Pokot Dictionary

English is one of the two official languages and is spoken in the major cities as well as by those connected to the tourist industry. Outside of the large cities, Kiswahili (known in English as Swahili), is the other official language, and a few words of this language will go a long way.

Common Kiswahili Phrases:

Jambo – Hello (This is pidgin Kiswahili – expect to be greeted with this if you look like a tourist. Kenyans never say Jambo to each other, although they may sometimes use the more grammatically pure Hujambo? to which the correct response is Sijambo)
Habari gani? – How are you?
Mzuri sana – Fine, thank you (lit. “[I am] very good”)
Tafadhali – Please
Asante sana – Thank you very much
Asante hapana – No thank you
Wacha – Stop it
Karibu – You’re welcome (to)
Jina langu ni – My name is
Shilingi ngapi? – How much does it cost?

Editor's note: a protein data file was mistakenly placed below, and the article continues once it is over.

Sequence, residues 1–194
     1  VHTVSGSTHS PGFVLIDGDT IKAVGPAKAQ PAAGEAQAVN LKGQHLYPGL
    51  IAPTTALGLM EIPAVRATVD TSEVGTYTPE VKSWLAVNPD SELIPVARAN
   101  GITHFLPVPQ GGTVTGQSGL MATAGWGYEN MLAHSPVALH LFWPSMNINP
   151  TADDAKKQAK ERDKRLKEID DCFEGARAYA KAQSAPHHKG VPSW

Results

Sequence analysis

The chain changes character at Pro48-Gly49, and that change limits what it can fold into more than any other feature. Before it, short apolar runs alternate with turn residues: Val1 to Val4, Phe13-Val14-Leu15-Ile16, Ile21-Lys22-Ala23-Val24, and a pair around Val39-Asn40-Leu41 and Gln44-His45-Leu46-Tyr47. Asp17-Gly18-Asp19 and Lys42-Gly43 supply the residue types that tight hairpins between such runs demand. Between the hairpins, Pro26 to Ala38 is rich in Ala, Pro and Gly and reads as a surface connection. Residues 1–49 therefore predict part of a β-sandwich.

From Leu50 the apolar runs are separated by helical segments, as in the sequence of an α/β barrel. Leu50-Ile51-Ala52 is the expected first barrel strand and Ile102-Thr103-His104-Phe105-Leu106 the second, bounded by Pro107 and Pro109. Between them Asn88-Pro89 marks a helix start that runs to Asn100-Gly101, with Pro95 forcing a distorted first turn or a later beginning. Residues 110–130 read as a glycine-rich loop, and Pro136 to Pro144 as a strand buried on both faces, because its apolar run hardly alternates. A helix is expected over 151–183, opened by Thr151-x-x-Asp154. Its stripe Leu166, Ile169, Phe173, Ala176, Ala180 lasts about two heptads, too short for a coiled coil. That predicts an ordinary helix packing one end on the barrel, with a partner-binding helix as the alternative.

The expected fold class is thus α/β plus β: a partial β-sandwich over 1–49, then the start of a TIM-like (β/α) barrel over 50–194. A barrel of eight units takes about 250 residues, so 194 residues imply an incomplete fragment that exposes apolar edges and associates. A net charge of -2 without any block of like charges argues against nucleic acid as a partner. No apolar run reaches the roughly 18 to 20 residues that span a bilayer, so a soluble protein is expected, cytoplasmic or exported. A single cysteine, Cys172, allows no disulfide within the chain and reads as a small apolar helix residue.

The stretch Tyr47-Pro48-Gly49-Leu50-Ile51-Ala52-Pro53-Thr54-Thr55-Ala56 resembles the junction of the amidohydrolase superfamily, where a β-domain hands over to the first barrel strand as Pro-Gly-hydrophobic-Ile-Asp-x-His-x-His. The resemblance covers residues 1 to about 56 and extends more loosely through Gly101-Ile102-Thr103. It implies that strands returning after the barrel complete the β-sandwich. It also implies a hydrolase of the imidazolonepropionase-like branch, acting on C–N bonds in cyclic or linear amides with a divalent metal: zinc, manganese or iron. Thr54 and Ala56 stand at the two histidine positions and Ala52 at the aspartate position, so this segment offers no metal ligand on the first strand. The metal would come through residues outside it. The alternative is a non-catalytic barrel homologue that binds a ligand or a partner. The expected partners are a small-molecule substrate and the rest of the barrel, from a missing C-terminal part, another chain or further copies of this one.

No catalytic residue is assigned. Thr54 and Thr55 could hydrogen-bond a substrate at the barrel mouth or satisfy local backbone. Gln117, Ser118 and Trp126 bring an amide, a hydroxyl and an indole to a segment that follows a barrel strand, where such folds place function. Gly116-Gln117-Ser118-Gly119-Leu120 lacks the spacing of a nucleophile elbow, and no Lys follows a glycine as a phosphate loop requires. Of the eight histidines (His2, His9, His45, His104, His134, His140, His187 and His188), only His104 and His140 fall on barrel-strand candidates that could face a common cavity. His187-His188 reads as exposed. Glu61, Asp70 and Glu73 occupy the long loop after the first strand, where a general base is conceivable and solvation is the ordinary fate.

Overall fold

Kwa heri – Goodbye
Pole pole (pronounced pol-ay pol-ay) – Slowly, slowly
Hakuna matata – No problem

Many local Pokot speak good English as well as Swahili and local languages.

Pokot Dictionary

Baby – Munda
Child – Moning
Old Man – Muzei
Girl – Chept-o
Pole – Ket-h
Hole – Mnung
Lets go – Twende
Boss – Wo
Father – Pap
My Father – Papo nyen
Hello – Poigshoi
Nice – Karam
Best – Karam Nyoman
Big – Kubwa
Small – Ndogo
See you – Keriama
See you tomorrow – Keriama Asiec

Goat – Arun
Goats – Ngoror
Donkey – Skrio
Cow – Tang
Cows – Tich

1 – Akonga
2 – Odeng
3 – Somiok
4 – Angwan
5 – Mutch
100 – Akonmha
1000 – Nnunghutian


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